Iron & Wine is the stage name used by artist Samuel Beam. The term ‘artist’ rather than ‘musician’ is no mistake – he holds a BA in Visual Arts and has also taught film at the University of Miami. It’s not surprising, then, that his music is imaginative, engaging, and aesthetically stimulating.
His 15th album, Kiss Each Other Clean, is no exception. Fans will be pleasantly surprised to learn that this album will not banish Beam to the graveyard of artists whose work suffered after moving to Warner Bros. (because really, how great can a label be if they’ve signed Heidi Montag?) – while the album does not represent a challenging listen by any means, it is a wonderful representation of Beam’s work.
Unfortunately, the songs have not entirely escaped the Warner influence. This collection is quite a bit more pop-driven than past works: while this may result in higher sales, fans yearning for new and creative tracks may not be as satisfied as they hoped. In an interview with SPIN, Beam describes the album as “a focused pop record… that early-to-mid-70s FM, radio-friendly music” – enough said. Disappointing tracks include “Big Burned Hand”, which sounds like background music for a porno without a budget for razors (that is, until it gets to a piano-heavy interlude – hot stuff). Other tracks (“Your Fake Name is Good Enough”, “Monkeys Uptown”), while not strictly disappointing, are too familiar to inspire any sort of visceral reaction.
The album uses a large variety of instruments and electronic effects to achieve an eclectic sound that is somewhat reminiscent of a 1970’s opium den. Slightly more relevant reference? This album wouldn’t have been out of place in the Across the Universe movie. Not relevant enough yet? Okay – you know that party you were at last weekend? Remember how the bathroom smelled kind of like a skunk? They were probably listening to this album in there. In other words, despite its too-pop elements and annoying familiarity, the collection as a whole delivers enough stimulation for the more ‘relaxed’ listener. “Half Moon” is a good example of this: while it scared me a little bit with the lyric “Where are we when the twilight comes” (it reminded me a little too forcefully of the fact that one of his songs somehow ended up on a certain soundtrack), the song’s lilting electric guitar and almost-absent percussion is a pleasing and gentle listen.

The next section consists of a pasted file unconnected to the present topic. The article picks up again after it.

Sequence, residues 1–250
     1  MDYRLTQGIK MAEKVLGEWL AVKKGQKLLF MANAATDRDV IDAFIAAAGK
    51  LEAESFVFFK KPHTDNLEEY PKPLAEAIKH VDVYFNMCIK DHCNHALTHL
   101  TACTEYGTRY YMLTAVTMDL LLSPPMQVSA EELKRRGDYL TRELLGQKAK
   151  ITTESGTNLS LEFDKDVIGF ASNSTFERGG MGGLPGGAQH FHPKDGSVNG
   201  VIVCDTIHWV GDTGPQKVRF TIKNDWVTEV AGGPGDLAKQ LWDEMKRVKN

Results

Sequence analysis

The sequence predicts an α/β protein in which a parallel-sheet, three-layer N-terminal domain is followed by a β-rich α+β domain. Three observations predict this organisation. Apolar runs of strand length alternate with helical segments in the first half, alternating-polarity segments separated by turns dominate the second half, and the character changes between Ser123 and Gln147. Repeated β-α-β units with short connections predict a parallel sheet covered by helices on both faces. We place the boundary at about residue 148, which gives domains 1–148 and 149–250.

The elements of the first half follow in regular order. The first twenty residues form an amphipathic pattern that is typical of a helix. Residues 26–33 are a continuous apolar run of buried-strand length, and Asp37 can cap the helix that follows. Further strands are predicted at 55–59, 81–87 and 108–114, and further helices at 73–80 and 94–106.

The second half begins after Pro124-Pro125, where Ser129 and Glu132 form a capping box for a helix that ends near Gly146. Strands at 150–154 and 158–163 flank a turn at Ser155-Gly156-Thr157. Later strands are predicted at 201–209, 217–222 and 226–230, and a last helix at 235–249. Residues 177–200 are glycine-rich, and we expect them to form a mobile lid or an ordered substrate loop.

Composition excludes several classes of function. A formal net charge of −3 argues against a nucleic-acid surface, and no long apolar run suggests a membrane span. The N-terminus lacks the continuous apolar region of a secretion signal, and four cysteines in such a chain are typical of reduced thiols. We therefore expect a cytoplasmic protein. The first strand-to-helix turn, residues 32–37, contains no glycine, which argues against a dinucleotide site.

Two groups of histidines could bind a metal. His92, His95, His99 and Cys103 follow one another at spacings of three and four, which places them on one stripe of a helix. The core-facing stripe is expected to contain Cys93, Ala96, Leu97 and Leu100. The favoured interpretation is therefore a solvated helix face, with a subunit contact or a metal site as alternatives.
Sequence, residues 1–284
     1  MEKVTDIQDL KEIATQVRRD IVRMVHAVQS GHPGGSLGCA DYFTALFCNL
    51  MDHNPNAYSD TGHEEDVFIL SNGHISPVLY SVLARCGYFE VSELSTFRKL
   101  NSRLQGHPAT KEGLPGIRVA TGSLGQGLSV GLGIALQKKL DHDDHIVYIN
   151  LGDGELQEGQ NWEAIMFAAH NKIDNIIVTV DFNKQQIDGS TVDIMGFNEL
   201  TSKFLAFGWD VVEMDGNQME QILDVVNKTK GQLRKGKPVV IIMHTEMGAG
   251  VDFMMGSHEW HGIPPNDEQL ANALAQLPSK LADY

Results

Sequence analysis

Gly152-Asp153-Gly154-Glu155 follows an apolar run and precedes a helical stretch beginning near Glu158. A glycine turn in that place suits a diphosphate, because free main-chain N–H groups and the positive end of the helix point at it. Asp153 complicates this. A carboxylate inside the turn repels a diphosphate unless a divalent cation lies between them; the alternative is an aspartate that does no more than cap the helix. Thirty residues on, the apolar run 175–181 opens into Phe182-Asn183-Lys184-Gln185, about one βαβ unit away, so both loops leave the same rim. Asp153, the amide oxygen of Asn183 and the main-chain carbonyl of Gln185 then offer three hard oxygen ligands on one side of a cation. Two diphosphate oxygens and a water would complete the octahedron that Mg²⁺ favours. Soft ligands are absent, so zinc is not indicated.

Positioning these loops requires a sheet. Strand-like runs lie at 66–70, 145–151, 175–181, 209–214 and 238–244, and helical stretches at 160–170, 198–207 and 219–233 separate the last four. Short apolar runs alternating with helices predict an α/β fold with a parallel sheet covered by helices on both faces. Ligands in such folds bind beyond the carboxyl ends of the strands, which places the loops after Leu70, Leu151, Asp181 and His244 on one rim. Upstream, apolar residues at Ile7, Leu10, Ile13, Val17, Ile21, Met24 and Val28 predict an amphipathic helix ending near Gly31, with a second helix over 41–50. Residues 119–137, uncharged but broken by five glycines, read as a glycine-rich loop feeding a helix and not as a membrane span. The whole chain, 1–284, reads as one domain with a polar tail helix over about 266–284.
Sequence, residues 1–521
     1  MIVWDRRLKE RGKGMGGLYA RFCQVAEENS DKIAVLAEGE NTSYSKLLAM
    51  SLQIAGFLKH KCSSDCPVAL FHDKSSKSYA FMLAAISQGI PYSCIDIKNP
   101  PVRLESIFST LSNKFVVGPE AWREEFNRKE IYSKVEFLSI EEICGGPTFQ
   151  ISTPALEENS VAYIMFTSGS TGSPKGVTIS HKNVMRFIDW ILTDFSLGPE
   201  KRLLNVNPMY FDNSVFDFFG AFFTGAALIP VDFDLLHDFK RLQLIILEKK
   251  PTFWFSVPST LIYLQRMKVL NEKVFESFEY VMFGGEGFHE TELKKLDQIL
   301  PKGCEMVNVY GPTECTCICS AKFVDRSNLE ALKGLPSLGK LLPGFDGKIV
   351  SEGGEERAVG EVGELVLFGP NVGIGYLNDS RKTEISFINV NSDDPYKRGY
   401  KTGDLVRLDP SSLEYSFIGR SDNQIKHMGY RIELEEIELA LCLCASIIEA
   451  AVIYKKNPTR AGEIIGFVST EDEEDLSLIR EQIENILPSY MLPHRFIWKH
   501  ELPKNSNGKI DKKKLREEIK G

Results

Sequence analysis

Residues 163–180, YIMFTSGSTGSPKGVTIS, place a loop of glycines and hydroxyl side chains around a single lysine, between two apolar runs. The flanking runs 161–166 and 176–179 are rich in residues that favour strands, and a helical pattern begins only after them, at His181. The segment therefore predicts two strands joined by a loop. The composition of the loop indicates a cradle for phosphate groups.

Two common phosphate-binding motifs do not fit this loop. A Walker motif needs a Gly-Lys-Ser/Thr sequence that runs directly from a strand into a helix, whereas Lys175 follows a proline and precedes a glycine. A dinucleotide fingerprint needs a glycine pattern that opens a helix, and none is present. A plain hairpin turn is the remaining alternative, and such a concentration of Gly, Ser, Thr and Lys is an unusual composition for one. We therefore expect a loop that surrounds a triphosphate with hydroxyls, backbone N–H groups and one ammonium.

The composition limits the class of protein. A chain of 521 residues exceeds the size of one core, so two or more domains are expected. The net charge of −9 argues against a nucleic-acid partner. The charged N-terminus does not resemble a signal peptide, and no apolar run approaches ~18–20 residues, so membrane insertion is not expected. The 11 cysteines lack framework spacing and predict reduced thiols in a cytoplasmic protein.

“Rabbit Will Run” strides the fence between that happy place Beam has found and the land of angry familiarity. While the song’s basic hook is almost indiscernible from Bryan Adam’s “Cloud No 9”, the odd interludes of some sort of slide whistle and the images it evokes make this track something else entirely: the tune is familiar, but the artistic presentation of it renders the song in a new light. This is where the album shines in a way that few can. Because of Beam’s holistic artistic vision, the tracks rise above familiarity and settle firmly in l’eau de creativity. Thus, the album in its entirety is entertaining, pleasing, and artistically stimulating. While it may not be the best work Beam has produced, it’s definitely worth a listen.